In recent decades, all new Supreme Court Justices have had a résumé that included work as an appellate judge and education at Harvard or Yale. But historically, this is an anomaly. Supreme Court judges have been appointed from a variety of backgrounds; they have included former governors, mayors and members of Congress. The pressure to diversify the court has been growing in recent years. As Vice President Joe Biden put it in 1997, "We have enough professors on the bench. I want someone who ran for dog catcher."
Obama has also voiced desire for more professional diversity, saying in 2009 that he "will seek someone who understands that justice isn't about some abstract legal theory or footnote in a casebook." Perhaps as a result, Obama made a point in 2009 of interviewing Homeland Security Secretary Janet Napolitano for the seat that Sonia Sotomayor eventually took. This time around, outside observers point to several other nonjudicial possibilities, including Michigan Governor Jennifer Granholm, Attorney General Eric Holder, Minnesota Senator Amy Klobuchar, and Cass Sunstein, the administrator of the White House's Office of Information and Regulatory Affairs.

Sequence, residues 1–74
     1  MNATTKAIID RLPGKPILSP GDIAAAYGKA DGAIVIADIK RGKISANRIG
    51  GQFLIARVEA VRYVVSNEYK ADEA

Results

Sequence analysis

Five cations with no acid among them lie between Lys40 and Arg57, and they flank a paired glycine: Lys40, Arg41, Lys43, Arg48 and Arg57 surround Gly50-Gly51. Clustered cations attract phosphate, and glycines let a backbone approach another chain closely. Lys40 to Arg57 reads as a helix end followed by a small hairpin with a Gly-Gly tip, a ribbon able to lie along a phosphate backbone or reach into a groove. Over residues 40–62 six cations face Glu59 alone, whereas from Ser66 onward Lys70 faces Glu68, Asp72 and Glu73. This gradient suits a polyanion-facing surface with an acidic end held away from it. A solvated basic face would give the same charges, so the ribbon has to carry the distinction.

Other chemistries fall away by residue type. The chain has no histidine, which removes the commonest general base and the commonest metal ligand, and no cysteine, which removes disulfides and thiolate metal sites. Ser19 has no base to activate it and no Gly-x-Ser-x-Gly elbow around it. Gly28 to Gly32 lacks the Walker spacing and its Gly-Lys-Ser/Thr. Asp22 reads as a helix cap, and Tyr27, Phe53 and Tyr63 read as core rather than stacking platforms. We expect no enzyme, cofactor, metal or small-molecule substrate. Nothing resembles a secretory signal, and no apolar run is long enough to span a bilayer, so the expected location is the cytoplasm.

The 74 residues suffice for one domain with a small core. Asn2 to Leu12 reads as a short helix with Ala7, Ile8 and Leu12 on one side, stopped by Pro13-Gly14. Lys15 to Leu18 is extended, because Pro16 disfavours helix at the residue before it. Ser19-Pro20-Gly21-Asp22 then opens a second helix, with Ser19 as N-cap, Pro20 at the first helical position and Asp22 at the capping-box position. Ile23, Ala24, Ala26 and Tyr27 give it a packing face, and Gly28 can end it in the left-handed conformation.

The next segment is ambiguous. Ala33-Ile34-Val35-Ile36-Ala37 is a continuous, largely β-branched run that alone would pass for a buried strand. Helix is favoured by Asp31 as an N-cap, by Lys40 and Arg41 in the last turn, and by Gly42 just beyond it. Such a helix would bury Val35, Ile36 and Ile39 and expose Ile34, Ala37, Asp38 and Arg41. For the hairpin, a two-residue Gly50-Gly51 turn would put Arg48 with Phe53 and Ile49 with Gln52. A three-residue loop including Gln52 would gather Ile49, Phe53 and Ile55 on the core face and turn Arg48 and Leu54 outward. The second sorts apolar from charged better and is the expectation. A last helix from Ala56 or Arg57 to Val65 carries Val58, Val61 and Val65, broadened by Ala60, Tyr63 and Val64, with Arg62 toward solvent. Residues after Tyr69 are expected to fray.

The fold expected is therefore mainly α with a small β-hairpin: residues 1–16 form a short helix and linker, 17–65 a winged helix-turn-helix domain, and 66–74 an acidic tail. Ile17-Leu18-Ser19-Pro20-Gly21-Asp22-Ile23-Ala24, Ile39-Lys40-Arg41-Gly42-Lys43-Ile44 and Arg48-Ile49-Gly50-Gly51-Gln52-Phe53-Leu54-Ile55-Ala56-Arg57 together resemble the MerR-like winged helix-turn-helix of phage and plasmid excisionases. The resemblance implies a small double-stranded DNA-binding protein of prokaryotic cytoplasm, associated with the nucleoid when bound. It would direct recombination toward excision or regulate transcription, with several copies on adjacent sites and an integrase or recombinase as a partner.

It is hard to know how seriously any of these candidates are being considered, but there is little doubt that some of these names will appear on the short list, which the White House is likely to announce once a selection has been made. At the same time, the White House is continuing to examine the records of other judges, like retired Georgia Chief Justice Leah Ward Sears and Federal Appeals Court Judge Sidney Thomas of Montana.